Guided Pathways Data and the Faculty Role

February
2019
Janet Fulks, Bakersfield College

As institutions begin to re-examine the effects Guided Pathways will have on them and on their students, the types of data colleges will want to review include new measures such as the average number of units to complete a certificate, degree, or transfer in the latest three years of awards and the number of students achieving awards. Faculty need to be a part of these conversations because analyzing the data and contextualizing the many variables are key to determining whether the data are indicating issues such as the following:

  • unclear pathways
  • too many units
  • scheduling barriers
  • program marketing or
  • program review issues.

Using data with the Guided Pathways framework will require that colleges look at new information beyond the student success data typically tracked. The California Community Colleges Chancellor’s Office (CCCCO) Scorecard intentionally tracks students for 6 years; therefore, the most current data for 2018 is only a cohort of students that started in 2012. However, the Guided Pathways framework relies on data that helps students achieve their goal sooner and at a lower cost. Guided Pathways cohorts are usually tracked in several ways that focus on “First-Time in College” students to clarify which students are currently starting and ideally connecting to a pathway with an educational goal versus students who are taking classes for other reasons. The ASCCC Guided Pathways Glossary describes a First Time in College student as “one who has never been to college before. The majority are just out of high school and research indicates that these students are more likely to complete a program of study. Key Progress Indicators (KPIs), as developed by American Association of Community Colleges (AACC), focus on these students.”[1]

Guided Pathways data will need to use students’ transfer or degree applicable units as a means to compare across degrees. Including basic skills units will provide even greater depth of understanding for the pathway. In addition, comparing units completed and units attempted will help to align support strategies along particular pathways. Acceleration and multiple measures may contribute to success but also to a reduction of cost and time. Tracking multiple measures and acceleration data may therefore be helpful and informative. Finally, the data included in a pathways model is heavily invested in curriculum alignment along the path and with the transfer institutions. Colleges need to consider how they will track, quantify, and use these various data points to tell the students’ story.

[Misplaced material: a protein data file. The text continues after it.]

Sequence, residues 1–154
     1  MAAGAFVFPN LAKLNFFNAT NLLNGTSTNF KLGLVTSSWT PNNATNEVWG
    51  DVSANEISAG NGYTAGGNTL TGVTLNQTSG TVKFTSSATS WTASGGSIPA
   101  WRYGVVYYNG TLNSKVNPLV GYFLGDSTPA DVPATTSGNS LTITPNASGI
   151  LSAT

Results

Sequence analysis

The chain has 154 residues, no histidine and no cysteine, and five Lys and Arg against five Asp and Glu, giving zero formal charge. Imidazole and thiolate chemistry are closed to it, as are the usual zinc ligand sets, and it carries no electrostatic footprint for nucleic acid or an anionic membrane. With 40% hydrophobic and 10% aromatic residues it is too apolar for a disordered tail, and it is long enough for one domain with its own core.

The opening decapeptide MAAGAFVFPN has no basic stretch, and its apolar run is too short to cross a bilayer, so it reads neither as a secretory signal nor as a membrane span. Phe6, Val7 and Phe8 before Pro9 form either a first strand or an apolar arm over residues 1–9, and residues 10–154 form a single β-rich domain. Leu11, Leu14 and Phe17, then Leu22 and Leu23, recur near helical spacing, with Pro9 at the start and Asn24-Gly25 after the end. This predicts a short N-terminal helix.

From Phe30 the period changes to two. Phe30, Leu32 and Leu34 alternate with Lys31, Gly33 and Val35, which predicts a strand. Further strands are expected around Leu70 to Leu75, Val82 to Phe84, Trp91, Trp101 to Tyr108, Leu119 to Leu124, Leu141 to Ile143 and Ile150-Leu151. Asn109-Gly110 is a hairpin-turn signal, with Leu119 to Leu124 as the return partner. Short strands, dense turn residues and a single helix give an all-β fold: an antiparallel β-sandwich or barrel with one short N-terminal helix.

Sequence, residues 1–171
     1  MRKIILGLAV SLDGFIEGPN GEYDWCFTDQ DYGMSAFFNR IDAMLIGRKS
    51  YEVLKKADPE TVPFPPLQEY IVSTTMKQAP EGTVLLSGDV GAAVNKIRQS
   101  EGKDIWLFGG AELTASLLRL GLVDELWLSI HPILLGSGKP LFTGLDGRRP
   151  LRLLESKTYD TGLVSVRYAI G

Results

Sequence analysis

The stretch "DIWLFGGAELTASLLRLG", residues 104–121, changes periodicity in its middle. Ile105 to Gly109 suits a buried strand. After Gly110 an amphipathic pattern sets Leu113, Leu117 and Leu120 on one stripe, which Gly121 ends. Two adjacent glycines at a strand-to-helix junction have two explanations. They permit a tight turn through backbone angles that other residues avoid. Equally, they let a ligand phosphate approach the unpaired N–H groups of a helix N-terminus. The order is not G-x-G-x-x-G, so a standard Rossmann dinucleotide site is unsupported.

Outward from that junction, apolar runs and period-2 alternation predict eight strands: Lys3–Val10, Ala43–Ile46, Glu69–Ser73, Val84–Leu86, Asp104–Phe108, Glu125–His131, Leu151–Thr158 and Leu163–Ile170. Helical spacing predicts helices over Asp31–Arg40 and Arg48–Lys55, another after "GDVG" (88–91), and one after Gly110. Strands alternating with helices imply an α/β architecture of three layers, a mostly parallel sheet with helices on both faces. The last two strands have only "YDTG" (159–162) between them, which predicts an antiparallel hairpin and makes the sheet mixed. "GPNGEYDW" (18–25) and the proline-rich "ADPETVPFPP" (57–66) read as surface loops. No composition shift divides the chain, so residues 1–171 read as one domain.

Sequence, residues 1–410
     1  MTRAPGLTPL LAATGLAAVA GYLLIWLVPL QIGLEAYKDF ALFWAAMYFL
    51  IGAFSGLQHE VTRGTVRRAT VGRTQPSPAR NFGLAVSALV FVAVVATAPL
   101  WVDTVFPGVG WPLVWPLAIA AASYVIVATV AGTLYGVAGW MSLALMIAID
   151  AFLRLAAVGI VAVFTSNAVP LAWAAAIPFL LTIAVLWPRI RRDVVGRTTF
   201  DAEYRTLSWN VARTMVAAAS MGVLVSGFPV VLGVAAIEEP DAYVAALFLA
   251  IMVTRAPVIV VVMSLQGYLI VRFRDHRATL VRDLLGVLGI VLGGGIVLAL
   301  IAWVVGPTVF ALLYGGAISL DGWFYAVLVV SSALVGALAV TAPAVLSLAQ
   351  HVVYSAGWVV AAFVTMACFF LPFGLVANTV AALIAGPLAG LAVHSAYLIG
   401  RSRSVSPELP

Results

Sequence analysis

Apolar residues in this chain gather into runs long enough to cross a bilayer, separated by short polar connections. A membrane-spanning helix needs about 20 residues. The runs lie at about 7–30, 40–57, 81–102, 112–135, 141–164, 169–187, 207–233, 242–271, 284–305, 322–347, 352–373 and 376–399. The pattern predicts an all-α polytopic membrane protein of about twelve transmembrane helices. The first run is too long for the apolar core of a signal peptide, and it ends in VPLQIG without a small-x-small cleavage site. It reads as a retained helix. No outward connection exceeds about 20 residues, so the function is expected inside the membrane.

Examining data is crucial because current metrics are not representing the true picture in Guided Pathways. One example of this problem is the useful but incorrect Scorecard metric regarding completion of transfer-level English in one year and two years. English composition is a graduation requirement and therefore is required by all students who plan to graduate, but at many colleges Freshman Composition or English 1A, which are found in the English TOP (taxonomy of Programs) code 1501, are not the only courses that can satisfy the graduation and transfer composition requirements. Other courses that provide this same credit are found in the ESL (TOP code 4930) and in Reading (TOP code 1520) as well as writing courses within other disciplines.[2] This lack of appropriate input data leads to under-reporting the actual number of completions by neglecting curricular details with which most researchers are not familiar. This issue is even more substantial when looking at the Scorecard metric related to math and quantitative reasoning.[3] The appropriate fix is not to include more TOP codes in the metric analysis, as doing so would include all courses in those disciplines, but rather to create a new coding for courses that satisfy the requirements for transfer-level composition and for transfer-level math and quantitative reasoning.